Turin has been home to many major literary figures. Rousseau and Ruskin, Nietzsche, Flaubert and Twain all enjoyed sojourns here. Casanova wrote: “In Turin, the fair sex is most delightful, but the police regulations are troublesome to a degree.” Melville wondered at the architecture, commenting that even the poor breakfasted in elegant coffee shops. But perhaps Turin’s most famous literary resident is Primo Levi. Born at 75 Corso Re Umberto in 1919, Levi graduated in Chemistry from Turin University in 1941 before joining the partisans. Captured by the Nazis in 1944, he spent the rest of the war In Auschwitz. Returning to Turin, he wrote his two masterpieces, If This Is a Man and The Truce. You can visit the Centro Internazionale di Studi Primo Levi at Via del Carmine 13.
Make sure you leave some room to sample one of Turin’s signature products – chocolate, brought to the city by the Savoy family in 1559. Best known is the hazelnut milk chocolate Gianduiotto, which dates back to the nineteenth century. Some even claim that it was the Torinesi who introduced chocolate to France when chocolate making for export began in 1678.
You can sample the finest chocolate products in all Turin’s historic establishments, confectionery shops and chocolate factories: Gianduiotti, pralines, various cakes, hot chocolate, and the distinctive bicerin, which is a bit like a cappuccino but fortified with brandy, cream and chocolate. The supreme Torinese spot to buy chocolate is Gobino.
A forbidding fortified abbey anchored atop a rocky hill, the Sacra di San Michele is best approached via the small town of Sant'Ambrogio. From here, the steep ninety-minute hike is well worth the effort, both for the views and for the opportunity to soak up the eerie atmosphere. Climbing up to the abbey and hewn into the rock, a long flight of stairs – the Scalone dei Morti (Stairs of the Dead) – sets a morbid tone, for it was here that the skeletons of the monks used to be laid out for local peasants to come and pay their respects and to remind them of human frailty. The Romanesque entrance arch to the Gothic-Romanesque abbey church is carved with signs of the zodiac. If you don't fancy the climb, and have your own car, you can drive up to the abbey from the nearby town of Avigliana.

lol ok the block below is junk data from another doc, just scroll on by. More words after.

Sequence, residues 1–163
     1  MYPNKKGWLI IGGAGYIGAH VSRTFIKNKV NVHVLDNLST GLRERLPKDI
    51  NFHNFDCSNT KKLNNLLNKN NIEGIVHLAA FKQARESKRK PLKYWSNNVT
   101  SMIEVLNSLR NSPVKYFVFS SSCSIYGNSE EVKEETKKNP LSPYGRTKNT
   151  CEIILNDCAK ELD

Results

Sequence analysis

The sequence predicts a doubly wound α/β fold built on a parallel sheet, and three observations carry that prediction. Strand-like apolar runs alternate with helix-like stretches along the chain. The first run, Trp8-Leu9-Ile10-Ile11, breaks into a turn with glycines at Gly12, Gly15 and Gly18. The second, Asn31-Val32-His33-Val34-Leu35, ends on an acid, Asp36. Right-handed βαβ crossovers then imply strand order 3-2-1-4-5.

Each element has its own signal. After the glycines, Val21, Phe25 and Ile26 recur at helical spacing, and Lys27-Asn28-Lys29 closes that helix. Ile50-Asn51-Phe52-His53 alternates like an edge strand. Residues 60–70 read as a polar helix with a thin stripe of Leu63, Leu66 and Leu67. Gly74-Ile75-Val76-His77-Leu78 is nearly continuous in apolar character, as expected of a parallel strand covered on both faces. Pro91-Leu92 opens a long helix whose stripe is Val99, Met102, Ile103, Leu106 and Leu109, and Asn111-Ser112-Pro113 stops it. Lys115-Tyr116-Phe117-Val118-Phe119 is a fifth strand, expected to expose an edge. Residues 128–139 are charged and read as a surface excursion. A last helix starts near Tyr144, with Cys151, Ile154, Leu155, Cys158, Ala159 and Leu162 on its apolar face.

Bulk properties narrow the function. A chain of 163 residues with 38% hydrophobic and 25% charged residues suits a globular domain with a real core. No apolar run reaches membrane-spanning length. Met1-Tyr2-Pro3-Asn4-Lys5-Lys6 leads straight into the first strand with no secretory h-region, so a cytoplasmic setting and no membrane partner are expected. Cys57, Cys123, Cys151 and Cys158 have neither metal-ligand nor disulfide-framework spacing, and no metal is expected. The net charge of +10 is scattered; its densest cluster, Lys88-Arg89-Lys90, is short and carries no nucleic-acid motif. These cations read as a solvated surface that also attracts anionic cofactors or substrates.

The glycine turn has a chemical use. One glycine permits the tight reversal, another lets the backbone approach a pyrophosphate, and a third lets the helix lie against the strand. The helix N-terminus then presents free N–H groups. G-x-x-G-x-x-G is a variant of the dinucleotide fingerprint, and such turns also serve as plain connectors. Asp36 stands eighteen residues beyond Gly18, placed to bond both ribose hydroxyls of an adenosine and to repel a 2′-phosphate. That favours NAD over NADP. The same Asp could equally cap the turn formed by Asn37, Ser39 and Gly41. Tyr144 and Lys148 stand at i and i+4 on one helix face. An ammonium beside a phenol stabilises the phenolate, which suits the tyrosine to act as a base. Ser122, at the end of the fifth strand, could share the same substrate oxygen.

The grid street plan of Turin’s Baroque centre makes it easy to find your way around. Via Roma is the central spine of the city, lined with designer shops and ritzy cafés. It’s punctuated by the city’s most elegant piazzas: at one end Piazza Carlo Felice, boasting a small park; in the middle Piazza San Carlo, close to which are some of the more prestigious museums; and at the other end Piazza del Castello, with its royal palaces. On either side are pedestrianized shopping streets, more relaxed than Via Roma. North is Piazza della Repubblica, a huge square with the largest open-air market in Europe. To the east the porticoes of Via Po lead to Piazza Vittorio Veneto, slanting down to the River Po, from where it's a short walk to the Monte dei Cappuccini, with its stunning views of the city and the Alps. A stroll southward from Piazza Vittorio brings you to the extensive Parco del Valentino. Beyond here is the Museo Nazionale dell’Automobile and the Lingotto Centre, home to the Pinacoteca Giovanni e Marella Agnelli, displaying the Fiat magnates’ superb private art collection, while the hills across the river are crowned by the Basilica di Superga. Further south, beyond the city limits, lies the royal Stupinigi Hunting Lodge. Outside the city limits to the northwest stands the jewel in Turin’s crown: the magnificent Venaria Reale palace and gardens. A couple of notable sights in the area around Turin can easily be visited on a day-trip, including the Sacra di San Michele and the imposing Forte di Finestrelle, in the bucolic Chisone Valley.
Top image: The city center of Turin with Mole Antonelliana tower and Alps mountains panorama, Turin, Italy © Boris Stroujko/Shutterstock